Along the road for 20 or 30 miles behind the fighting front, you pass through one demolished town after another. Most of the inhabitants take to the hills after the first shelling. Some got to live in caves, some go to relatives in the country. A few in every town refuse to leave no matter what happens, and many of them have been killed.

A countryside is harder to disfigure than a town. You have to look closely and study in detail, to find the carnage wrought upon the green fields and the rocky hillside. It is there, but it is temporary – like a skinned finger – and time and the rains will heal it. Another year and the countryside will cover its own scars.

Land in the wake of war

If you wander on foot and look closely, you will see the signs – the limb of an olive tree broken off, six swollen dead horses in the corner of a field, a straw stack burned down, a chestnut tree blown clear out with its roots by a German bomb, little gray patches of powder burns on the hillside, snatches of broken and abandoned rifles and grenades on the bushes, grain fields patterned with a million crisscrossing ruts from the great trucks crawling frame-deep through the mud, empty gun pits, and countless foxholes and rubbish-heap stacks of empty C-ration cans and now and then a lone grave.

The apple season is on now, and in the cities and those towns that still exist, there are hundreds of little curbside stands selling apples, oranges, and hazelnuts. The apples are to us here what the tangerines were in North Africa a year ago, and the tomatoes and grapes in Sicily last summer.

I haven’t been in Italy long enough really to know much about the people, but I do know that the average soldier likes Italy a great deal better than he did Africa. As one soldier said:

They seem more civilized.

Our soldiers are a little contemptuous of the Italians and don’t fully trust them, and yet with the typical American tenderheartedness they feel sorry for them, and little by little they are becoming sort of fond of them. They seem to us a pathetic people, not very strong in character, but fundamentally kindhearted and friendly.

Some opinions on Italians

A lot of our Italian-American soldiers are taking to the land of their fathers like ducks to water, but not all of them. The other night I was riding in a jeep with an officer and an enlisted man of Italian extraction, both from New York. The officer was talking about the plentitude of girls in Naples, and he said most of the soldiers there had girls.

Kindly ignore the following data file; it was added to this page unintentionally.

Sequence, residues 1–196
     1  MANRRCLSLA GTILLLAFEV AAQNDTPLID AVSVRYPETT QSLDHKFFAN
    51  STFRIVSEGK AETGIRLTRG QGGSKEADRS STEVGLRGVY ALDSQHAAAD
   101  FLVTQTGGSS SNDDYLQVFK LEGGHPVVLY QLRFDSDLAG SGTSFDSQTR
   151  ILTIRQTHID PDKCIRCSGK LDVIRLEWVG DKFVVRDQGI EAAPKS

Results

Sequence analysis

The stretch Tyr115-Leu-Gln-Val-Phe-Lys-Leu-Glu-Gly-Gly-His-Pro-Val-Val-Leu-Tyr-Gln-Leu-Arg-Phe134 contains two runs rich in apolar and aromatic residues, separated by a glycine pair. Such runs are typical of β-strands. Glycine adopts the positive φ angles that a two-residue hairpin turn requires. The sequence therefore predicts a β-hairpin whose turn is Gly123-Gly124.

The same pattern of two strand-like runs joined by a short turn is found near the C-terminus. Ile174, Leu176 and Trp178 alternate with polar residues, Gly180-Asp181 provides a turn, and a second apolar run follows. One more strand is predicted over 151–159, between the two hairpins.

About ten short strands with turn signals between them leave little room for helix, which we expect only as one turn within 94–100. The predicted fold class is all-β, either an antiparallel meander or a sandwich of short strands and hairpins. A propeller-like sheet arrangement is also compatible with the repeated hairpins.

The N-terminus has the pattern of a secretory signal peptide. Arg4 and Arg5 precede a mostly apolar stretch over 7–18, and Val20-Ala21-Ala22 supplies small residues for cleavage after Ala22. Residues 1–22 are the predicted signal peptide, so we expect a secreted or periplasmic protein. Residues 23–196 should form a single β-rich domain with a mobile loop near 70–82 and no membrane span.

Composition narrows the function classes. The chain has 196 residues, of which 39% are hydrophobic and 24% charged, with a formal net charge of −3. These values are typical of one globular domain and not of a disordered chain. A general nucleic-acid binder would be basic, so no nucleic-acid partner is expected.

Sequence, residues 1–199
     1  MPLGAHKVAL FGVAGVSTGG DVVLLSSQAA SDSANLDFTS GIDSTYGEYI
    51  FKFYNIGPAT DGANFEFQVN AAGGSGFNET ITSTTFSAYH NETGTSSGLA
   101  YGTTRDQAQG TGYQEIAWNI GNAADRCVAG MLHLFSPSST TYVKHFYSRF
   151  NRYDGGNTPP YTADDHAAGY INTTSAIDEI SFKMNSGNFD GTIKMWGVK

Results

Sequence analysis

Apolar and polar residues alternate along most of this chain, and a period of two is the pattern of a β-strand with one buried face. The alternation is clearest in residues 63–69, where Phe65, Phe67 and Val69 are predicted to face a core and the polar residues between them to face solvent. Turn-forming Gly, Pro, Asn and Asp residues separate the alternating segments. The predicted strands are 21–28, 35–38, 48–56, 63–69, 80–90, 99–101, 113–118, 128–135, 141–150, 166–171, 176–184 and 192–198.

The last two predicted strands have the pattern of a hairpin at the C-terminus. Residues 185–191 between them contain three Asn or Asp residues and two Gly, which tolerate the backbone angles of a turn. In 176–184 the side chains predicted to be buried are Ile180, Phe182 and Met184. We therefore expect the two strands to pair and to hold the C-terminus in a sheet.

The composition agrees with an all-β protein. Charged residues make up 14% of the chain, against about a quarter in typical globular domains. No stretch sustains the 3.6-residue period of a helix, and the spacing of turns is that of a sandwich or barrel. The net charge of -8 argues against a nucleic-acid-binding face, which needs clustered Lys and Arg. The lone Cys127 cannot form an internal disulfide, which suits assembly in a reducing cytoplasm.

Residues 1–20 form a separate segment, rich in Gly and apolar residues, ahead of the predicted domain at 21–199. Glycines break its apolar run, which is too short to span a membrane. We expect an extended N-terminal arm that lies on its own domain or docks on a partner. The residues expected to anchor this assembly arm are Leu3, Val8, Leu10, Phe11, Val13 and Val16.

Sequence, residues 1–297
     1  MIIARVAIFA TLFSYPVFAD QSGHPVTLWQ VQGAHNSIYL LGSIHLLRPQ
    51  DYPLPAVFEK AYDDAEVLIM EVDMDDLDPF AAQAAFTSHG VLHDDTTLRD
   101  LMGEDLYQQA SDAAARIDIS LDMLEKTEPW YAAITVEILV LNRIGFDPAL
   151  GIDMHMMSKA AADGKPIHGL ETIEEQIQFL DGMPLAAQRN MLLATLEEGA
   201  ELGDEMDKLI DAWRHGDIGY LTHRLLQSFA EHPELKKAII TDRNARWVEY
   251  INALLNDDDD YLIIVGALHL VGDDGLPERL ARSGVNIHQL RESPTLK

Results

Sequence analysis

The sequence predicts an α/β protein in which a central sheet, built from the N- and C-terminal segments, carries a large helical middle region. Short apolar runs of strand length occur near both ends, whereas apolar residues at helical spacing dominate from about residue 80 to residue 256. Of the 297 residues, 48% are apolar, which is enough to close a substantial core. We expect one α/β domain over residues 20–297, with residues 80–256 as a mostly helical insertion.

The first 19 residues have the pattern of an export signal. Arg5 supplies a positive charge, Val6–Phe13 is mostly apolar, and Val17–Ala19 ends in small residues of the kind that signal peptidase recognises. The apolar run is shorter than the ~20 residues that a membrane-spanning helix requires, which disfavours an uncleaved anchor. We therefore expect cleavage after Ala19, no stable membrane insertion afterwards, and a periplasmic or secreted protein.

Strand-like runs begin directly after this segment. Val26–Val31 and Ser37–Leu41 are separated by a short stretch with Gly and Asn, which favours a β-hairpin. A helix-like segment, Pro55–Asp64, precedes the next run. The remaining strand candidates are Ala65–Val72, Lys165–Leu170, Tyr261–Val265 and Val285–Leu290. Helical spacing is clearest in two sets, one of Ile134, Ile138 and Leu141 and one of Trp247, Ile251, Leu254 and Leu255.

The driver said:

Not me. I won’t have anything to do with them. The minute they find out I speak Italian, they start giving me a sob story about how poor and starved they are and why don’t the Americans feed them faster.

I look at it this way – they’ve been poor for a long time and it wasn’t us that made them poor. They started this war and they’ve killed plenty of our soldiers. And now that they’re whipped, they expect us to take care of them. That kind of talk gives me a pain. I tell them to go to hell. I don’t like them.

But our average soldier can’t seem to hold an animosity very long. And you can’t help liking a lot of the Italians. For instance, when I pull back to write for a few days, I stay in a bare, cold room of a huge empty house out in the country. My roommates are Reynolds Packard of the United Press and Clark Lee of the International News Service.

We have an Italian boy 24 years old who takes care of the room. I don’t know whether the Army hired him or whether he just walked in and went to work. At any rate, he’s there all day and he can’t do enough for us. He sweeps the room six times and mops it twice every day.

He boards up blown-out windows, does our washing, and even picks up the scraps of wood and builds a little fire to take the chill off. When he runs out of anything to do, he just sits around, always in sight awaiting our pleasure.

His name is Angelo. He smiles every time you look at him. We talk to each other all the time without knowing what we’re saying. He admires my two-fingered speed on the typewriter. He comes and looks over my shoulder while I’m writing, which drives me crazy, but he’s so eager and kind I can’t tell him to go away. It’s hard to hate a guy like that.